Posted October 17, 2019
Louisiana coastal parishes are suing their longtime ally, the oil and gas industry, to fund restoration of their disappearing wetlands, in a move being described as both a lifeline for the coast and a red herring in a warming world.
The legal action — represented in dozens of lawsuits against nearly 100 companies — claimed its first real victory last month when an oil firm agreed to a historic settlement. Proponents called it a "breakthrough" and said they hoped more victories will force Big Oil to atone for its past destructive acts (Energywire, Sept. 27).
That reckoning has been a "long time coming and so hard a road," Oliver Houck, a Tulane University Law School professor and environmental lawyer, said at the time.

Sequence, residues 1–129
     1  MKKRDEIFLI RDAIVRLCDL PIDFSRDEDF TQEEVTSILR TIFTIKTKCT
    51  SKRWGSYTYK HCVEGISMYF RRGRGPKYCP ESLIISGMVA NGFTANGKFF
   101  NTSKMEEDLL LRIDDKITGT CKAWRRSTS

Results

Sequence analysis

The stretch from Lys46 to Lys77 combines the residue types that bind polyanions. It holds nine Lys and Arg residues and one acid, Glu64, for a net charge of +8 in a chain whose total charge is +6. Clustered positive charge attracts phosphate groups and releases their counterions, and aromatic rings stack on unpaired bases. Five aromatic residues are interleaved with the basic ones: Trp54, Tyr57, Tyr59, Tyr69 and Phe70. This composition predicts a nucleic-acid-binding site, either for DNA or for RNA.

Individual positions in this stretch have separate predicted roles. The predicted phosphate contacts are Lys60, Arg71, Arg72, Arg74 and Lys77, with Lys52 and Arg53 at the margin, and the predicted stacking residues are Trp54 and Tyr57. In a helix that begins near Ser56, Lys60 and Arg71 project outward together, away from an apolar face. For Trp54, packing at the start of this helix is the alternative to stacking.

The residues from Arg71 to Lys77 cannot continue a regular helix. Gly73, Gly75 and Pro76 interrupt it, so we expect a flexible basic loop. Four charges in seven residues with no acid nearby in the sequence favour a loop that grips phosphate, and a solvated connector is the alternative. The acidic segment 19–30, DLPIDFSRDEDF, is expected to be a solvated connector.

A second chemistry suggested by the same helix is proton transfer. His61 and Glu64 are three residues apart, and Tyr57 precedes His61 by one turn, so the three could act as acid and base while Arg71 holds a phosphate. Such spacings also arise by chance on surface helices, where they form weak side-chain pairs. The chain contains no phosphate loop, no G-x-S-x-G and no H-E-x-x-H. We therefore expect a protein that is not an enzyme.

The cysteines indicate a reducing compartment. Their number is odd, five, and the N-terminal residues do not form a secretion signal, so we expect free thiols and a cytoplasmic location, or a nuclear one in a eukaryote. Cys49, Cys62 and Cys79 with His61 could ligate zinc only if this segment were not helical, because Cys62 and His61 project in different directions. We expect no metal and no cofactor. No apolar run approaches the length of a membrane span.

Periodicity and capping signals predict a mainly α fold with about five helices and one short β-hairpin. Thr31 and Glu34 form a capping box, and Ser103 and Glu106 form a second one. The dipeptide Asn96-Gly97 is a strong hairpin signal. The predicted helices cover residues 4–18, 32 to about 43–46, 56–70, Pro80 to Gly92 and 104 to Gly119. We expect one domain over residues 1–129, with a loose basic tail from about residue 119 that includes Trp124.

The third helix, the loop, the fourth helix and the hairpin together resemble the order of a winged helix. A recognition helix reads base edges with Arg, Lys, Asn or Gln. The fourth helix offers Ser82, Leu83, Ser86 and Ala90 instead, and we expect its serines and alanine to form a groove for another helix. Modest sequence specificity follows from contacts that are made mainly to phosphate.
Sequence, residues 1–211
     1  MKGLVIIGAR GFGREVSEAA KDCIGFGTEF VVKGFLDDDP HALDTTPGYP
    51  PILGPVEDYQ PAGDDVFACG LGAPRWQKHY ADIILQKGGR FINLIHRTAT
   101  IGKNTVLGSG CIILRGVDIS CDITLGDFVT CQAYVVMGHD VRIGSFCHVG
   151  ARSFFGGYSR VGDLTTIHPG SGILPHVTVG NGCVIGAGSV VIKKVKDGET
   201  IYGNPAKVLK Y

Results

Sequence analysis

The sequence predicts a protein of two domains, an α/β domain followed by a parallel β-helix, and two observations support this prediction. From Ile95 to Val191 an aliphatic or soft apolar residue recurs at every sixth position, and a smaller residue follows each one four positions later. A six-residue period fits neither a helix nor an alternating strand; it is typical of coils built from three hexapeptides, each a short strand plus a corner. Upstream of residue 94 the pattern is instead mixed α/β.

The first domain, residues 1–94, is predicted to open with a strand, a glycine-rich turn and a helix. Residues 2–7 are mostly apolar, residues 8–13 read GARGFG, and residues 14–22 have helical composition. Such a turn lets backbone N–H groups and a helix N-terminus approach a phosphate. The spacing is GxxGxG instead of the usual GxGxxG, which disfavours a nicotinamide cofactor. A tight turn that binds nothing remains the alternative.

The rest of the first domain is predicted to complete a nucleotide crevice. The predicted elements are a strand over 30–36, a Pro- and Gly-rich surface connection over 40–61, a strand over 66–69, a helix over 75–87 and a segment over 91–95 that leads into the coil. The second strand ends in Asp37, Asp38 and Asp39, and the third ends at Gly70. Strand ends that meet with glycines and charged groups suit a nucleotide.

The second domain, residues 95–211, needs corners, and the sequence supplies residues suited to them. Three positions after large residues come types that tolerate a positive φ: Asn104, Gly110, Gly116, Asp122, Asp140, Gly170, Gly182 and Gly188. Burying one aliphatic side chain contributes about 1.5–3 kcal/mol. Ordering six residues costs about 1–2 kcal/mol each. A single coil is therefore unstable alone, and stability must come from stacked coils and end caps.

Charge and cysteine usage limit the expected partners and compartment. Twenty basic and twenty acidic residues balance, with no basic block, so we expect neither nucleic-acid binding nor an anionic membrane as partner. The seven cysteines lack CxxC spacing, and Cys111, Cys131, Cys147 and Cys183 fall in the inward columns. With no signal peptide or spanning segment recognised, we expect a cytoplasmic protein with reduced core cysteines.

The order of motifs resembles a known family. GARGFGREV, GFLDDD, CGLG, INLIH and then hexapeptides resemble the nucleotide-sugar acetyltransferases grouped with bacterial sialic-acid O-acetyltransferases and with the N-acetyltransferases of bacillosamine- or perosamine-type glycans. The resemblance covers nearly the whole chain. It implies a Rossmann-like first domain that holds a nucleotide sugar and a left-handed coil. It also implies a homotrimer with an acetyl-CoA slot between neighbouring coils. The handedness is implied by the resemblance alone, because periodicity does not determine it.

But the lawsuits also highlight a deep uncertainty over the future of south Louisiana, where the state has proposed a broad defend-and-repair strategy for the wetlands while climate change impacts worsen. Some experts question whether the battle to force industry to pay is a distraction in a place where the land is sinking and sea waters are rising at four times the global average.
"Climate change is going to sweep away everything they are trying to preserve," said Edward Richards, director of the Louisiana State University Law Center's Climate Change Law and Policy Project, in an email.
The lawsuits are rooted, mainly, in historical practices. Oil and gas companies cut through the sensitive marshland that hangs off the bottom of the state's boot in order to lay pipelines and enable transportation. These canals are one of the factors contributing to a gradual collapse of the ecosystem.